Drug-induced cytotoxicity is related to cell metabolism13. As a systemic approach, metabonomics adopts a “top-down” strategy to holistically reflect the function of organisms including terminal symptoms of metabolic network and understanding systemic metabolic changes caused by interventions14. Combining novel models with molecular profiling technologies, metabonomics provides new insights into the molecular basis of toxicity and provides a rich source of biomarkers that are urgently needed in 21st century toxicology research15. The metabolic profile of a whole organism does not provide relevant information about specific cell types under different conditions, which is crucial for creating a more holistic understanding of cell functions and for drug development16. Cell cultures may provide an alternative for understanding the specific metabolism of drug candidates17. Metabolic analysis of cell cultures has many potential applications and advantages over currently used methods for cell testing18.
Nuclear magnetic resonance (NMR) is an easy and convenient research tool. NMR is a suitable analysis method for examining complex compositions in omics research, particularly in modern TCM research. Principal component analysis (PCA), partial least squares-discriminant analysis (PLS-DA) and orthogonal partial least squares-discriminant analysis (OPLS-DA) methods were applied to maximize the distinction between groups, focusing on differences in metabolic variations, and to assess the correlations between the observed NMR results.
In this study, a novel attempt was made to explore the possible mechanisms and relevant targets of emodin toxicity based on NMR non-targeted metabolomics. The objective was to establish a cell metabonomic method and identify biomarkers for investigating the toxic effects of emodin. This study may provide new ideas and methods for investigating and understanding the toxicity mechanism of TCM.
Emodin inhibited viability and HepG2 cell proliferation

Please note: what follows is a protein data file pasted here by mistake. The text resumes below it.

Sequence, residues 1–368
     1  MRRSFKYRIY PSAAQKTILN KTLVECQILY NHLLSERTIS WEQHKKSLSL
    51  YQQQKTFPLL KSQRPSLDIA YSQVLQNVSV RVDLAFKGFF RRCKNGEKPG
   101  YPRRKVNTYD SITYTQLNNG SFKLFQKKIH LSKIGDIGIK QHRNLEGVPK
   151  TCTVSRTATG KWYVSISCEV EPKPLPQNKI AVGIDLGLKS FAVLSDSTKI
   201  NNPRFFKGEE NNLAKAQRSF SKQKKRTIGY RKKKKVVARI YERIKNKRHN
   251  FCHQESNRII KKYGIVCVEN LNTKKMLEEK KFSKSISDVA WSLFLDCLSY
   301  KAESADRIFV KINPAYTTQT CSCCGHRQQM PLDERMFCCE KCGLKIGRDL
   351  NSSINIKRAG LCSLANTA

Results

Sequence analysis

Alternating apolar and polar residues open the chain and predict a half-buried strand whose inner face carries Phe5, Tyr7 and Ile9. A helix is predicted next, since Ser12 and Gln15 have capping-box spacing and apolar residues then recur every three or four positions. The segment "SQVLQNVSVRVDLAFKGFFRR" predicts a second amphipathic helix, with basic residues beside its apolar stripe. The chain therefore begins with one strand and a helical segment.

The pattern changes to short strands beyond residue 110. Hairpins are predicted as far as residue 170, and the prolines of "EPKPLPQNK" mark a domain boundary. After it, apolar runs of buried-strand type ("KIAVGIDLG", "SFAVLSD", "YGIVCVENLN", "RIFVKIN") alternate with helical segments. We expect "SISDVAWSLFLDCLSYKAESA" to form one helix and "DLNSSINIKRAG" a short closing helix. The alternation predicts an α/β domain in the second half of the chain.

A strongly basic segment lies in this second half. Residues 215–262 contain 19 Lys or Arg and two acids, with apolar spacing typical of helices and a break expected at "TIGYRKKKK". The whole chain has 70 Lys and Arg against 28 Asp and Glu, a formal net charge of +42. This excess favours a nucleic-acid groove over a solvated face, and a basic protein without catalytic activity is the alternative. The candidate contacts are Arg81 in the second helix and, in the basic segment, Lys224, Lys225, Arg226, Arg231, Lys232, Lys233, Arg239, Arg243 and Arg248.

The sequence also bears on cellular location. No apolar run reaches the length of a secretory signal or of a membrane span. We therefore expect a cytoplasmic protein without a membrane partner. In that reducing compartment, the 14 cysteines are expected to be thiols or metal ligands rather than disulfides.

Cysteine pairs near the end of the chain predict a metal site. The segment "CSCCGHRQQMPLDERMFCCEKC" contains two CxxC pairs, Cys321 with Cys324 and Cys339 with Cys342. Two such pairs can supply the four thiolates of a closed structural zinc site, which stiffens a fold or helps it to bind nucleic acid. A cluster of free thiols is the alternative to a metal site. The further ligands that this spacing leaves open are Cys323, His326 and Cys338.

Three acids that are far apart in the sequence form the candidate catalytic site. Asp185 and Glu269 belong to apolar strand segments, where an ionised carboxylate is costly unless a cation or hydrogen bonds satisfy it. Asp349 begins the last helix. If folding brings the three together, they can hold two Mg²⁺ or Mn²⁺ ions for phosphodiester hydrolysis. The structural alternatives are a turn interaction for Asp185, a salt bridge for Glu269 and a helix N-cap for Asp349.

An MTT assay showed that emodin inhibited HepG2 cell growth in both concentration- and time-dependent manners (Fig. 1). The 50% inhibitory concentration (IC50) values of emodin at 12 h and 24 h were 41.3 μM and 32.1 μM, respectively.
Apoptosis caused by emodin
After 12 h and 24 h of exposure, emodin was found to induce HepG2 cells apoptosis using a DAPI staining assay. As shown in Fig. 2, viable normal cells exhibited an evenly distribution and deep blue fluorescence in both the nucleus and chromatin, while the apoptotic cells showed bright white fluorescence. Changes in the DAPI staining were observed in apoptotic cells in the emodin-treated group. All of the emodin concentrations tested (10, 50, and 100 μM) decreased the number of cells. In the emodin-treated groups, the cells were found to have different degrees of chromatin condensation, nuclear condensation and fragmentation, as indicated by the arrows in Fig. 2. Increasing the incubation time produced fragmented nuclei at 24 h. The apoptotic area in the 100 μM emodin sample was obviously larger than that of the 50 μM and 10 μM samples. Exposure for 24 h and at 100 μM were chosen for conducting the following metabolomic study.
1H NMR analysis of cell extracts and culture media